AB and CR designed the study. AB wrote the code, carried out the experiments and analyzed the data. AB and CR wrote the manuscript. EB contributed to the conception of the study and helped draft the manuscript.

Funding

This work was supported by institutional funds provided by the Institute of Anatomy, University of Jena School of Medicine.

Conflict of Interest Statement

The authors declare that the research was conducted in the absence of any commercial or financial relationships that could be construed as a potential conflict of interest.

References

Amirshahi, S., Denzler, J., and Redies, C. (2013). Jenaesthetics–a Public Dataset of Paintings for Aesthetic Research. Technical report, Computer Vision Group, University of Jena.

Amirshahi, S. A., Pedersen, M., and Yu, S. X. (2016). Image quality assessment by comparing cnn features between images. J. Imaging Sci. Technol. 60, 60410–60411. doi: 10.2352/J.ImagingSci.Technol.2016.60.6.060410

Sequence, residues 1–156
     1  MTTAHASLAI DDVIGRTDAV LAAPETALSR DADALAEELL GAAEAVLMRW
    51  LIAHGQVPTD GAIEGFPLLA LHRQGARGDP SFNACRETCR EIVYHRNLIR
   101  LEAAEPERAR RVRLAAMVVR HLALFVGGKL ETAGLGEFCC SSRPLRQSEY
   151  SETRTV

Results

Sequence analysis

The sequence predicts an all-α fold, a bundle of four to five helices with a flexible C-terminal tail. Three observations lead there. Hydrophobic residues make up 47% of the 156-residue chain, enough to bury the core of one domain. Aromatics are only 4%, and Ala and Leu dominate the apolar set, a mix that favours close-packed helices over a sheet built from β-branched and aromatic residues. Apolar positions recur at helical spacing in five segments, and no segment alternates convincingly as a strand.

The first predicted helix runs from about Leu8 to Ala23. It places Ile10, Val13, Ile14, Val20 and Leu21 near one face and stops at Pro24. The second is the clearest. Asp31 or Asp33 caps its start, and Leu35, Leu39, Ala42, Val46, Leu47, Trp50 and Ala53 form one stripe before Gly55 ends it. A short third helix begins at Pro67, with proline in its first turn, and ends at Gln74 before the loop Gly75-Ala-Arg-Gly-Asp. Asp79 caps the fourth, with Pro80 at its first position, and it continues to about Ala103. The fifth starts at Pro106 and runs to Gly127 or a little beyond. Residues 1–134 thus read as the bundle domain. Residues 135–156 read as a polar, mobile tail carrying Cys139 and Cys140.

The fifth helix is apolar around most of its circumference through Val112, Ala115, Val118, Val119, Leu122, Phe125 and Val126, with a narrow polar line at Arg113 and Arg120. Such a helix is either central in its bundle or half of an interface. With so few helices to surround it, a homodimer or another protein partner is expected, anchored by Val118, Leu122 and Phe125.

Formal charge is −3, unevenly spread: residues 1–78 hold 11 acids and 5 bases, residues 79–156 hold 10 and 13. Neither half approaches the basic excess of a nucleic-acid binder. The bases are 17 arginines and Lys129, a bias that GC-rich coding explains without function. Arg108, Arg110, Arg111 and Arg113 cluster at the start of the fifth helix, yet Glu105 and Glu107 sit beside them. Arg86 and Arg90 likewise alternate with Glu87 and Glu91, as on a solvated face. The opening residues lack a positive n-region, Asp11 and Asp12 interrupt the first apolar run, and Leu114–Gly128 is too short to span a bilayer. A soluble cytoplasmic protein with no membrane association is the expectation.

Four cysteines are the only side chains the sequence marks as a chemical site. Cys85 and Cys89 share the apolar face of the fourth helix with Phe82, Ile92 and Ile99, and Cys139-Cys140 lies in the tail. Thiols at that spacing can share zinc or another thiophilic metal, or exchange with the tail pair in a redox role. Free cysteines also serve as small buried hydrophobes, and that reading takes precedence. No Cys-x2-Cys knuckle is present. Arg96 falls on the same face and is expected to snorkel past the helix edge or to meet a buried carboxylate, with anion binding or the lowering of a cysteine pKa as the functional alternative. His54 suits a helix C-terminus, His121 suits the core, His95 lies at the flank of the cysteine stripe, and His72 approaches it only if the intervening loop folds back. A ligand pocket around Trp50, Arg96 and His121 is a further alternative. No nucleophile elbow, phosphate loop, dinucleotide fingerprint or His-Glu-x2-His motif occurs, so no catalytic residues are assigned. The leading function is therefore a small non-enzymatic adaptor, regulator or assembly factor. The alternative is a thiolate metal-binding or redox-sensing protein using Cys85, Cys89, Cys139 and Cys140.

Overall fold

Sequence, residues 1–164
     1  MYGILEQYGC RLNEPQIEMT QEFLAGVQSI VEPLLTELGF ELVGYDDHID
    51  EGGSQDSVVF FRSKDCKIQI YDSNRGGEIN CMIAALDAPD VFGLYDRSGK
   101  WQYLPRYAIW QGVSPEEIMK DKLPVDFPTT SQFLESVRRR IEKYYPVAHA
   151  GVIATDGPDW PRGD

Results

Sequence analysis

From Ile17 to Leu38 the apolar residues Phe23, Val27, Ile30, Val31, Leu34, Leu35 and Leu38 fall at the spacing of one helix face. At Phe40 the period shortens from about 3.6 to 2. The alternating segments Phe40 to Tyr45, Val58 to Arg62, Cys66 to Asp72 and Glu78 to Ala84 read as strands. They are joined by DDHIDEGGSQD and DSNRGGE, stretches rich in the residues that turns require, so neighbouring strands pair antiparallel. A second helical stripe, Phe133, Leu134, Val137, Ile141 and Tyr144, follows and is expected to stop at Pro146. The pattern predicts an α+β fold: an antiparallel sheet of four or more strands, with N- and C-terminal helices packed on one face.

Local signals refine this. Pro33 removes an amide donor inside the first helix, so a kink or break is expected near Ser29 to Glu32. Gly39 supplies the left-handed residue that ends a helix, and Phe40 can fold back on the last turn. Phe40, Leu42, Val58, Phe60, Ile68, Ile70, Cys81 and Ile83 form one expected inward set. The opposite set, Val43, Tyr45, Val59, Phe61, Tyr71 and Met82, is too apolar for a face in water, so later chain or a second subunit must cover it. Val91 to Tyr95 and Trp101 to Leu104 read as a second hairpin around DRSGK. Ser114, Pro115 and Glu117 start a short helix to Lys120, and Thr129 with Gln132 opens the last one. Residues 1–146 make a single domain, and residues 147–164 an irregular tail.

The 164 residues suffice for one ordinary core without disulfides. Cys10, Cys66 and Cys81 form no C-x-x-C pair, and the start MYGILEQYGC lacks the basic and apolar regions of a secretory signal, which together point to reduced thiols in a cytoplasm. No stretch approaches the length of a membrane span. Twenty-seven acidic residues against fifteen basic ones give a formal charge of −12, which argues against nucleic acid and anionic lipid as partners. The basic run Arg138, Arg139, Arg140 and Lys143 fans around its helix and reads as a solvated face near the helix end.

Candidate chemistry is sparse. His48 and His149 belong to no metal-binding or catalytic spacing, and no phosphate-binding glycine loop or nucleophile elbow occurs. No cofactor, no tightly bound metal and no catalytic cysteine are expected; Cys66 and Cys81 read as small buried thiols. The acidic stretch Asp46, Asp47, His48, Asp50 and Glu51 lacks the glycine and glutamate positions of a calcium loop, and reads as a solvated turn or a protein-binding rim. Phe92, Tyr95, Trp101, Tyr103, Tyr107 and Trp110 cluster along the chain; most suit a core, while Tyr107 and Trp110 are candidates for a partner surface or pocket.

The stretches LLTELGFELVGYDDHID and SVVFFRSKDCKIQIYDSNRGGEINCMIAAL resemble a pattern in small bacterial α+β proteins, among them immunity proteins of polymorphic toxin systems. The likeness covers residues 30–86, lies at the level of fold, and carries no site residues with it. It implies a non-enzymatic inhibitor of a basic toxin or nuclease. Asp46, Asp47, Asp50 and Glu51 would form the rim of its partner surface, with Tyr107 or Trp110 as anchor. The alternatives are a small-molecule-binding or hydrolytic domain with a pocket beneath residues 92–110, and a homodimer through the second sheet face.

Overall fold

CrossRef Full Text | Google Scholar

Arnheim, R. (1954). Art and Visual Perception: A Psychology of the Creative Eye. Berkeley, CA: University of California Press.

Google Scholar

Bishop, C. M. (2006). Pattern Recognition and Machine Learning. New York, NY: Springer.

Google Scholar

Brachmann, A., and Redies, C. (2016). Using convolutional neural network filters to measure left-right mirror symmetry in images. Symmetry 8:144. doi: 10.3390/sym8120144

CrossRef Full Text | Google Scholar

Brachmann, A., and Redies, C. (in press). “Defining self- similarity of images using features learned by convolutional neural networks,” in IS&T/SPIE Electronic Imaging Human Vision and Electronic Imaging 2017 (Burlingame, CA).

Brattico, E., Brattico, P. J., and Vuust, P. (2017). Global sensory qualities and aesthetic experience in music. Front. Neurosci. 11:159. doi: 10.3389/fnins.2017.00159